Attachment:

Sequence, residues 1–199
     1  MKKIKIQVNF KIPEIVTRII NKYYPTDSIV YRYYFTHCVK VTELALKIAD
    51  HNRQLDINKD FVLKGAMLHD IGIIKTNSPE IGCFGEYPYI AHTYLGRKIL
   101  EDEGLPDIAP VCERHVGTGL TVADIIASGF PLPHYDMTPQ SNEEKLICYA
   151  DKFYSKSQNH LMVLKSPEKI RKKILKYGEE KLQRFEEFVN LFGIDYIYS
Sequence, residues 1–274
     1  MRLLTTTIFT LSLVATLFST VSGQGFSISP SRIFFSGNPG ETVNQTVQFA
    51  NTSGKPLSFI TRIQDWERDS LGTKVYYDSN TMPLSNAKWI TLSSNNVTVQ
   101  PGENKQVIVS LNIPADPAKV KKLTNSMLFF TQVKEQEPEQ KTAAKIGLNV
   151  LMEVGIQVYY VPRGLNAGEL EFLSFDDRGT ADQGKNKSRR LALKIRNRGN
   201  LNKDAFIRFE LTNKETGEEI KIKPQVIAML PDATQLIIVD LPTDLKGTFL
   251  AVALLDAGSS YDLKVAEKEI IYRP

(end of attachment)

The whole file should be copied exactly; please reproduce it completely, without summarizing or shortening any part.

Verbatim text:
Sequence, residues 1–199
     1  MKKIKIQVNF KIPEIVTRII NKYYPTDSIV YRYYFTHCVK VTELALKIAD
    51  HNRQLDINKD FVLKGAMLHD IGIIKTNSPE IGCFGEYPYI AHTYLGRKIL
   101  EDEGLPDIAP VCERHVGTGL TVADIIASGF PLPHYDMTPQ SNEEKLICYA
   151  DKFYSKSQNH LMVLKSPEKI RKKILKYGEE KLQRFEEFVN LFGIDYIYS
Sequence, residues 1–274
     1  MRLLTTTIFT LSLVATLFST VSGQGFSISP SRIFFSGNPG ETVNQTVQFA
    51  NTSGKPLSFI TRIQDWERDS LGTKVYYDSN TMPLSNAKWI TLSSNNVTVQ
   101  PGENKQVIVS LNIPADPAKV KKLTNSMLFF TQVKEQEPEQ KTAAKIGLNV
   151  LMEVGIQVYY VPRGLNAGEL EFLSFDDRGT ADQGKNKSRR LALKIRNRGN
   201  LNKDAFIRFE LTNKETGEEI KIKPQVIAML PDATQLIIVD LPTDLKGTFL
   251  AVALLDAGSS YDLKVAEKEI IYRP